• Also, the specific jobs the tech industry seeks to fill with visa holders are unlikely to be filled by the millions of workers idled across so many U.S. industries.
4. Trump tests Twitter's line

Illustration: Lazaro Gamio/Axios

Twitter on Monday opted not to take down or flag a tweet from President Trump that baselessly tied mail-in ballots to voter fraud and foreign election interference, Axios' Kyle Daly reports.

The big picture: President Trump continues to test tech platforms' willingness to crack down on misinformation he spreads on his social media accounts, a dynamic that will likely intensify as the election approaches and he seeks to raise doubts about potentially unfavorable outcomes.

Driving the news: Trump railed against mail-in voting in a series of tweets Monday, claiming that "millions of mail-in ballots will be printed by foreign countries, and others" and maintaining, "Because of MAIL-IN BALLOTS, 2020 will be the most RIGGED Election in our nations history."

  • It's unclear what inspired Trump's claim about foreign countries printing ballots, and there has never been any link established between mail-in voting and widespread voter fraud (or indeed any record of widespread voter fraud in the U.S. at all).
  • Trump himself has repeatedly voted by mail in the last three years.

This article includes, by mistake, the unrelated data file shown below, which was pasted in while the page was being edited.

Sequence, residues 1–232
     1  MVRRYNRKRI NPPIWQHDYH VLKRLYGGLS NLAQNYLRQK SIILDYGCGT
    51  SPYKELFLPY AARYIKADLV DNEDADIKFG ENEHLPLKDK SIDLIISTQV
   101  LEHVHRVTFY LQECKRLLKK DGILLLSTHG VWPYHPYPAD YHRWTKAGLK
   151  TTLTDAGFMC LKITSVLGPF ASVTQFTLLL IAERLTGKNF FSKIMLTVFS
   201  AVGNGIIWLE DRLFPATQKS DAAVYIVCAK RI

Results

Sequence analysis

Twitter declined to flag the tweets as election-related misinformation, as it had an earlier series of Trump posts, because Monday's postings didn't level any specific accusations about election officials' processes on handling voting or mail-in ballots, a company spokesperson told Axios.

  • Twitter did create a "Moment" aggregating tweets that debunked Trump's latest claims.

Trump's posts also appeared without being flagged on Facebook, which has taken a broadly more permissive approach than Twitter to Trump's inflammatory messages.

Our thought bubble: Testing the boundaries of acceptability on social media is a win-win for Trump's grievance politics. Either platforms give him a pass and let him spread misinformation unimpeded, or they crack down on him, fueling his claims that they're trying to silence him and other conservatives.

5. Take Note

On Tap

  • Lesbians Who Tech's (Not IRL) Pride Summit continues online.
  • Web Summit's Collision is taking place online this week.
  • Apple's Worldwide Developer Conference continues.

Trading Places

  • Slack has hired former Dell Boomi executive Steve Wood as VP of developer platform, reporting to chief product officer Tamar Yehoshua.

ICYMI

6. After you Login

You haven't really seen a game of Hungry Hungry Hippos until you've seen a dog join in the action.

Ina Fried